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The Tewksbury Police Department paid $500 to regain access to its computer files after an anonymous hacker encrypted their data.
The department received a pop-up ransom note that read, "Your personal files are encrypted. File decryption costs ~ $500." After numerous attempts to unlock the data themselves, Tewksbury paid the ransom in bitcoin.
Cuffed by Encryption
Tewksbury Police Chief Timothy Sheehan initially thought the computer slowdown was a normal glitch or a virus. But after repeated attempts by state and federal law enforcement as well as two Internet security firms to unlock the data failed, he realized "it was a little bit bigger than that. It was more like cyberterrorism."
The attack used ransomware called KEYHolder, which proved unbreakable. The hackers also demanded that the bitcoin payment be sent through a technology known as Tor, which obscures the physical location where the payment is received.
Tewksbury wasn't the first police department to be targeted for data ransom: departments in Swansea, Mass., along Chicago, Dickson County, Tenn., Durham, N.H., and Collinsville, Ala. were also targeted. Not all of them paid up, however, with some offices relying on backups and others determined not to give in to threats.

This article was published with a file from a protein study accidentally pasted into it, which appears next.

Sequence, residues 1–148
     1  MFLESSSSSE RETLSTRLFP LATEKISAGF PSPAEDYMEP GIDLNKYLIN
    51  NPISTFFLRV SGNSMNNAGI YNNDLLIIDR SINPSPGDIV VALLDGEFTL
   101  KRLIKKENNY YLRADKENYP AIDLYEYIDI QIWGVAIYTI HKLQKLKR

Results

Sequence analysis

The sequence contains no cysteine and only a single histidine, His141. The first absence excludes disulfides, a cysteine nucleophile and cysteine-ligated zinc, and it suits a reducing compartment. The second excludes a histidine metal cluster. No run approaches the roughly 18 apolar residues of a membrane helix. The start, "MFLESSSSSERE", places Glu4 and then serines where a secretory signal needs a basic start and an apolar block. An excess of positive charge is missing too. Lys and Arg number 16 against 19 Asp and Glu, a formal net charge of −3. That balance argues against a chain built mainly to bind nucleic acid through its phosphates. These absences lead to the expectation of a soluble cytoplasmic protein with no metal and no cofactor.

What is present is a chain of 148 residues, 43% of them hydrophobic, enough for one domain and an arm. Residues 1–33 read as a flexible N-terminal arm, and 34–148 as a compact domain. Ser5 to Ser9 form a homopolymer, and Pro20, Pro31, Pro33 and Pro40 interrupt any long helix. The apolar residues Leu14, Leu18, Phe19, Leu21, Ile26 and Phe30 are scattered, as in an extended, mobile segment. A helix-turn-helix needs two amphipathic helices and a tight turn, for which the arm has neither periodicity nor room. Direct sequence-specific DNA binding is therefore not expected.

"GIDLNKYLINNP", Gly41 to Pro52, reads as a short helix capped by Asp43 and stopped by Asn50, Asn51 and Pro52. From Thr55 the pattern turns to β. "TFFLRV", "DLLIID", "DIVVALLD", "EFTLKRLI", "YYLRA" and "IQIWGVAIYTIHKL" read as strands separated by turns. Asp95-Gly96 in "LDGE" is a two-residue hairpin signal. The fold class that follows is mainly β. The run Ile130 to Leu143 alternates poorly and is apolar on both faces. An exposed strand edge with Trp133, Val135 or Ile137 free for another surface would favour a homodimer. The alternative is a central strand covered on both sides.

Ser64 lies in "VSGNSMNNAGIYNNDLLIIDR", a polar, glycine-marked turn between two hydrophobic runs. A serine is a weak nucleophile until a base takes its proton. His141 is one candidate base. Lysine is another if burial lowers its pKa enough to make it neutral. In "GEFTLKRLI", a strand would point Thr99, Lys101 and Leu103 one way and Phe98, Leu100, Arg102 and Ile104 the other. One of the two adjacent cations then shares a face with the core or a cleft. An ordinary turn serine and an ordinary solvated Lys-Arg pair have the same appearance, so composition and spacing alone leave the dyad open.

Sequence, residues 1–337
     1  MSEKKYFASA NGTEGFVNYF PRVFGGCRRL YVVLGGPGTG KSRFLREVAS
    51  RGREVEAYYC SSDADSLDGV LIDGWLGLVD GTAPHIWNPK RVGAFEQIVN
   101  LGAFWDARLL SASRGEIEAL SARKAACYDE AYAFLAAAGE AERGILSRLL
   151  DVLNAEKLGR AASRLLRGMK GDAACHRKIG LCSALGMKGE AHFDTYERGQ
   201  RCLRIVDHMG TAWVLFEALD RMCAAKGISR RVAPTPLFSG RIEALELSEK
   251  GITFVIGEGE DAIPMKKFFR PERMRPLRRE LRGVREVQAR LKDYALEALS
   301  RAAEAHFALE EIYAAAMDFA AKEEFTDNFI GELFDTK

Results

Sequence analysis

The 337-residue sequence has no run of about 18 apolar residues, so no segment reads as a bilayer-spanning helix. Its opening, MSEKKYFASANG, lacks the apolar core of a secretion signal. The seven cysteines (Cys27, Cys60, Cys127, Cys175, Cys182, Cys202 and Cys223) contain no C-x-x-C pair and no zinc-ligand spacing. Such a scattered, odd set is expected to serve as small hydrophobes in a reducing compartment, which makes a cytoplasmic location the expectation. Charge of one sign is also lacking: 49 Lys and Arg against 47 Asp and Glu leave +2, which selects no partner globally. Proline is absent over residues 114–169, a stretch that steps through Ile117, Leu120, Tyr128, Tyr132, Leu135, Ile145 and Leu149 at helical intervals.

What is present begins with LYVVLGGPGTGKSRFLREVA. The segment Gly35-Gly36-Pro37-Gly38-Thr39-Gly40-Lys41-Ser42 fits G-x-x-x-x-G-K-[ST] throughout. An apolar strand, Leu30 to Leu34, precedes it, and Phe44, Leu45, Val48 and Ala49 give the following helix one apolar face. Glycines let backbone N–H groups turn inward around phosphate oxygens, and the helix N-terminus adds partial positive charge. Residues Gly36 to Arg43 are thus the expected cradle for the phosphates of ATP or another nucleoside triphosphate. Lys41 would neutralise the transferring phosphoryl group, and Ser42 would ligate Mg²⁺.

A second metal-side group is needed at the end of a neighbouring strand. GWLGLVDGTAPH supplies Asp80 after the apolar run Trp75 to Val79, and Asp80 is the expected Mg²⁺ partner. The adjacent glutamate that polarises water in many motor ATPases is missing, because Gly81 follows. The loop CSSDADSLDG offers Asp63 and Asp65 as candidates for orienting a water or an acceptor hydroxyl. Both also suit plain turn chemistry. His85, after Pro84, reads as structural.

These new ransomware programs can find their way into secure computer networks via the same old malware methods: usually innocuous-looking emails. The program then encrypts the victim's data, rendering it useless without a digital key.
The keys are then ransomed back to the victim, usually for a few hundred dollars. But those few hundred can add up quickly. Experts estimate that another ransomware program, CryptoWall, infected more than 600,000 computers worldwide in just six months last year, netting the gang that operated CryptoWall in about $1 million in total ransom payments.
The lesson, as always, for kids and for cops: don't clink on random email links and always have secure backups of all of your files.